Friday Inspiration is a selection of the latest innovative ideas we would like to share with our community every week.
On this week’s review: US startups fighting poverty, French new regulation to tackle fake news, HR tech promoting diversity and fairness in recruitment processes, 3D-printing human skins and the rise of French companies in cinematographic visual effects.
Tech for good: Solve problems of the less fortunate
In the Silicon Valley, one of the mantras to launch a startup “right” is to “solve problems you have yourself”. Many projects will naturally aim at gaining efficiency in business management, as many entrepreneurs have a background in business. In the middle of the preparation for our next conference in San Francisco on the positive impact of Tech, we wanted to feature poverty-fighting startups. Although those founders don’t personally experience poverty, they acknowledge and act upon the fact that the US counts a majority of low-income households while extreme wealth is owned by a minority. From loan granted to jobless people to free legal advice, social entrepreneurship is on the rise and defies tech pessimists.
AI: The new age of recruitment
According to CEO & Founder of Easyrecruit Mickaël Cabrol, AI could encourage a fairer process of recruitments. To ease the selection process of recruiters – often based on age, gender, education, work experience – the French entrepreneur promotes the use of AI during the first round of selection. For instance, filmed interviews that evaluate the candidate’s oral skills, word choices, tone, and attitude. The criteria favor the personality and the curiosity of the candidates over their skills. Thus, such method brings what a resume does not show: the motivations to apply.
Tackling fake news in 2018
French President Macron announced the introduction of a new legislation to tackle fake news on social channels. Following revelations of the Russian intervention in the 2016 US election as well as misleading content against 2017 French Presidential candidate, the hunt against hackers and anonymous fake posts is a 2018 priority for the French government. If social media was created to foster interactions between individuals, recent events demonstrated the power of media in influencing political turnout or reputations. The social networks disrupted our ways of communicating and dealing with the news. Among the solutions, the control of the Internet’s content during elections was announced. If the proposition raised concerns over the protection of freedom of expression, the issue can actually be summed up around the question: should we guarantee first individual fundamental rights or ensure the well-functioning of our democratic political system?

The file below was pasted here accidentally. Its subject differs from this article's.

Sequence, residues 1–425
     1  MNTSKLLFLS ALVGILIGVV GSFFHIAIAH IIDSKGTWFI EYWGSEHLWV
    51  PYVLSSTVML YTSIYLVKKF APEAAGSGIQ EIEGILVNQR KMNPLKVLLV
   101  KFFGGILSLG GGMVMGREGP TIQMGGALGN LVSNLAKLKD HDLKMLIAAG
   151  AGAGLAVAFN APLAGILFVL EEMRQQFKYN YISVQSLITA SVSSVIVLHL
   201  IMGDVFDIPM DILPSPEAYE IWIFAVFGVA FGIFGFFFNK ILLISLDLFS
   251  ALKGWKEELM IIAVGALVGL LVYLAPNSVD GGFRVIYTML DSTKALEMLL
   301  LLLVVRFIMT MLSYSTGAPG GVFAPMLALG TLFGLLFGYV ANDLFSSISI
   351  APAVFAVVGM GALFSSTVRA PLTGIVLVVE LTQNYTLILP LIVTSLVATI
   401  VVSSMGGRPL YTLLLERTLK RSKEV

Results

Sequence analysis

Printing human skin
French startup Poietis managed to bio-print human skin: using a 3D printer, the technology creates cells that conversely interact to produce human skin. For now, the product is used in pharmaceutical and cosmetic industries to avoid clinical test on animals. In the long-run, President & Scientific director Fabien Guillemot and Director General & Business development Director Bruno Brisson shared their ambitions to contribute to regenerative medicine, which relies today on skin donation. In 2017, Poietis won the world’s innovation competition organized by Bpi France.
French savoir-faire: visual effects
In addition to hosting yearly the prestigious cinematographic Festival de Cannes, France is also home for movie’s visual effects, created by Georges Melies at the beginning of the XXth century. French movie-maker Hugo Cabret claims that Steven Spielberg, Geroge Lucas or James Cameron are “directly inherited from Melies”. Although the end of the XXth was a slack period, it seems that French production companies are growing. StarWars, Game of Thrones, Harry Potter had part or all their visual effects made by French companies. In 2016, 60% of the visual effects’ production was made in France, which falls in line with President of French National Center of Cinematography Frederique Bredin’s objective to turn the country into the “world’s leader in visual technologies”.